Here’s a look at three moves the Eagles need to make to become one of the top teams in the NFC, with the first one being the biggest priority and the last one the least of their concerns:
1. Add a veteran pass rusher
The Eagles value the pass rush on the edge too much to let this slip. Brandon Graham and Derek Barnett are more than fine as starters at defensive end, but the Eagles have plenty of question marks here. Josh Sweat was impressive as a rotational pass rusher and as a No. 4 defensive end, but is he ready to fill Vinny Curry’s role as the No. 3 defensive end behind Graham and Barnett? Conventional wisdom says yes, but the Eagles are risking a lot if last year was just a mirage instead of Sweat naturally progressing as an edge rusher.
The Eagles traded a 2021 fourth-round pick for Genard Avery and spent a 2019 fourth-round pick on Shareef Miller. The edge rushers played a combined 33 defensive snaps in 2010 — all of which were by Avery, who was acquired at midseason. One of those two are in line to become the No. 4 defensive end, asked to fill Sweat’s role from last year.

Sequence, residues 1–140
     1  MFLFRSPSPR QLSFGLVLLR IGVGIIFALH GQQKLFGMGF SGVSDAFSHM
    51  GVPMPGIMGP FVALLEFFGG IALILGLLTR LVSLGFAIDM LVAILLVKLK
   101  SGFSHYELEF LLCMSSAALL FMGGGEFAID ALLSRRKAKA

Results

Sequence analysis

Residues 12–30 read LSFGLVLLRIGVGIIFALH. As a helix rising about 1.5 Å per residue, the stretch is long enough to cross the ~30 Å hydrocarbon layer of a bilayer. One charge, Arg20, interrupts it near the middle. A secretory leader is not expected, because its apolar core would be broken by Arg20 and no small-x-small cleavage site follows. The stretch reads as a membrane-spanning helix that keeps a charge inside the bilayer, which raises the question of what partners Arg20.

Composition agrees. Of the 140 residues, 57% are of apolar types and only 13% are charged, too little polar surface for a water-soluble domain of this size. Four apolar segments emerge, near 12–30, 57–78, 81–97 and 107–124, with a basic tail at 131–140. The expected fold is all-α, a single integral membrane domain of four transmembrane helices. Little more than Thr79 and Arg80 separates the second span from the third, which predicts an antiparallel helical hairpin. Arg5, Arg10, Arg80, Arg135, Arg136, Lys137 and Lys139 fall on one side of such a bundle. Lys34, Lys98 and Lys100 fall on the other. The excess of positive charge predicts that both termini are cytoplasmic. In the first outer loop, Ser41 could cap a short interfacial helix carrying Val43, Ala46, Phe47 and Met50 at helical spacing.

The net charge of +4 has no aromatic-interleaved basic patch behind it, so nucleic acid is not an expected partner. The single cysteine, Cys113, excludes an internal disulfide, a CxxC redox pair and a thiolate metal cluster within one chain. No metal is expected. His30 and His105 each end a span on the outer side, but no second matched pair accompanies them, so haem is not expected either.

What about Barnett? Are the Eagles convinced he can be better than an edge rusher that flashes at times than disappears on other occasions? Or would Barnett (and Graham) be more effective splitting the snaps with a veteran on the edge that can get to the quarterback? Perhaps the answer is Malik Jackson, who can play on the edge when Javon Hargrave and Fletcher Cox are lined up at defensive tackle. But is Jackson going to be fully recovered from his LisFranc injury?
Here’s where Everson Griffen comes in. While Griffen isn’t planning on signing with any team until he can visit team facilities, 74.5 sacks in 10 seasons is nothing to scoff at. Griffen has just 13.5 sacks over the past two seasons, but had 35 pressures and 13 hurries in 15 games last season. Griffen may not be a starter anymore, but can still get to the quarterback. Sounds like an ideal fit for a No. 3 edge rusher that can start on a one-year deal.
Jadeveon Clowney would be great for the Eagles defense, but he doesn’t appear to be an option at this time. Perhaps the Eagles have a change of heart and can land Clowney at an affordable price, but Philadelphia should focus on adding one of those two edge rushers. Ezekiel Ansah could also enter the picture as he’s played in Jim Schwartz’s scheme before with the Detroit Lions. Schwartz’s defense doesn’t excel without a good pass rush and the Eagles place a huge premium on rotating players and getting to the quarterback consistently.